Interdisciplinary Trainee Spotlight: Austin Duncan

Sonoran UCEDD Update
March 2014
UCEDD Trainee, Spring 2014 Cohort
Doctoral Candidate – Anthropology

trainee, Austin DuncanI am a PhD student in sociocultural anthropology here at the University of Arizona with a minor in medical anthropology.  Specifically, my research focuses on how societies treat (in both biomedical and social definitions of the word) those with bodily, mental, and cognitive impairments.  When I first heard of the Sonoran UCEDD, long before learning about the training seminar, I was inspired and wanted to know how I could collaborate with them.  Happily, I was able to enroll in the training seminar this semester.  As part of my training experience, I am working on a project with ArtWorks, an innovative local project that aims to promote independence for adults with developmental disabilities, and an organization with which I hope to collaborate throughout my graduate career and beyond.

In many ways, this is exactly what I want to do and where I want to go with my career after school: helping people with impairments lead enjoyable and meaningful lives through activities in the community.  Not only does my work with ArtWorks align with my interests in engaged medical anthropology, but it also uses my earlier skills in policy and program evaluation.  My dissertation research in the implementation of Community-Based Rehabilitation (CBR) strategies in Cameroon, West-Central Africa—where I was both a Peace Corps volunteer and program evaluator for my Master of Public Administration (MPA) degree with the University of Washington—will also follow a similar model.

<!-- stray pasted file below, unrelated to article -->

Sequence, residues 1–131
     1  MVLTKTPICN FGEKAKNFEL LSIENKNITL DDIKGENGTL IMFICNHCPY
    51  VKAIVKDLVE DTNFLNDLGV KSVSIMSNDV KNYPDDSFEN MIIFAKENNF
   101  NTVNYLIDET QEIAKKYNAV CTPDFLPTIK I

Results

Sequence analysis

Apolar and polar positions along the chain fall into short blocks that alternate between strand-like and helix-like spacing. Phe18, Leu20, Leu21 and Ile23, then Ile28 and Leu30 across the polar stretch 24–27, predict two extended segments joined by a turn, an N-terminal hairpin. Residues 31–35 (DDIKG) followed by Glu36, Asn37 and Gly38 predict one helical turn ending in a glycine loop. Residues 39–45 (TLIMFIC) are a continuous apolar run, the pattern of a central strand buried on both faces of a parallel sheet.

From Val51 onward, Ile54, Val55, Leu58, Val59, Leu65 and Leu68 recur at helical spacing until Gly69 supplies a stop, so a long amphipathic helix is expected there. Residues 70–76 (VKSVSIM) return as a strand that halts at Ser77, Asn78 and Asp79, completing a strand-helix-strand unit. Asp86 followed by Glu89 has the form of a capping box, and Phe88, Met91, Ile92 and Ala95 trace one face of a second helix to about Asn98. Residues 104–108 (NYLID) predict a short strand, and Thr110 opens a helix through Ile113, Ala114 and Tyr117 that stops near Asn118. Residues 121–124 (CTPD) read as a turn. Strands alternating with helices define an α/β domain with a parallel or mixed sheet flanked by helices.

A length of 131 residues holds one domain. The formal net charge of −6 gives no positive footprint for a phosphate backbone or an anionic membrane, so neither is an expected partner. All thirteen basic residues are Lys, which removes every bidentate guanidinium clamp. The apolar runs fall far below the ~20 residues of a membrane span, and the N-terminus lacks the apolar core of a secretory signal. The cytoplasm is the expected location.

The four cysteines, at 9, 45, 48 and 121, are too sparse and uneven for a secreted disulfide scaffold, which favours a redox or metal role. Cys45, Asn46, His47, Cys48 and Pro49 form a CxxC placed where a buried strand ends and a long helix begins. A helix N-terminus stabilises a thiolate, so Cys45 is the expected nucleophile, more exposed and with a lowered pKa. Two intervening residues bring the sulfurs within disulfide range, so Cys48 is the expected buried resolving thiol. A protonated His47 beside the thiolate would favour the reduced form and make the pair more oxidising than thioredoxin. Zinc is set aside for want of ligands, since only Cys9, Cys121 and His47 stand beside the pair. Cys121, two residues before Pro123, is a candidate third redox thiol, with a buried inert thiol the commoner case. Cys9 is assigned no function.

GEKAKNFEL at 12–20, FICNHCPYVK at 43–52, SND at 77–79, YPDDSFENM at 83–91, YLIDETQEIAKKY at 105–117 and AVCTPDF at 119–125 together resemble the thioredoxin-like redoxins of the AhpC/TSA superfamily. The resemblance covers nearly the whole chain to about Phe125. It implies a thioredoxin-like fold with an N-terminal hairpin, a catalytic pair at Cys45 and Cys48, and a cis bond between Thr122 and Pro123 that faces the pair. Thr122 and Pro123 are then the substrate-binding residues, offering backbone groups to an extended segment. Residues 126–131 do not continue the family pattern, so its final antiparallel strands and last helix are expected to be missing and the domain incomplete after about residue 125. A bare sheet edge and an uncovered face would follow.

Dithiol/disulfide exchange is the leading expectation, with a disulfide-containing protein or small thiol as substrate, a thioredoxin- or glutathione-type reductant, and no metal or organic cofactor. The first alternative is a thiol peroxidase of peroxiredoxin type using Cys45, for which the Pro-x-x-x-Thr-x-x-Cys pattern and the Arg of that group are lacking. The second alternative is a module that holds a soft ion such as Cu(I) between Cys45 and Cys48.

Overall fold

The training program is also helping me to respond productively to my own experience with disability.  In 2003, I sustained and rehabilitated from a severe Traumatic Brain Injury (TBI), although in my case “rehabilitation” means learning to adapt to the many deficits which I still have. Working with individuals with many of the same challenges I faced (and continue to face) allows me to give meaning to my own story and to make use of my identity as a TBI survivor to help impaired individuals.  Thus in the end, my time as a Sonoran UCEDD trainee will benefit my research, my career, and my own life in innumerable ways.

For more information about the Sonoran UCEDD Interdisciplinary Training Program and to meet all our trainees, visit our website:

If you’re interested in becoming a trainee or know someone who might be, please contact Training Director, Lynne Tomasa, at 520.626.7823 or

Fall 2014 Interprofessional Training Program Flyer

ArtWorksFor more information about ArtWorks, please visit the website: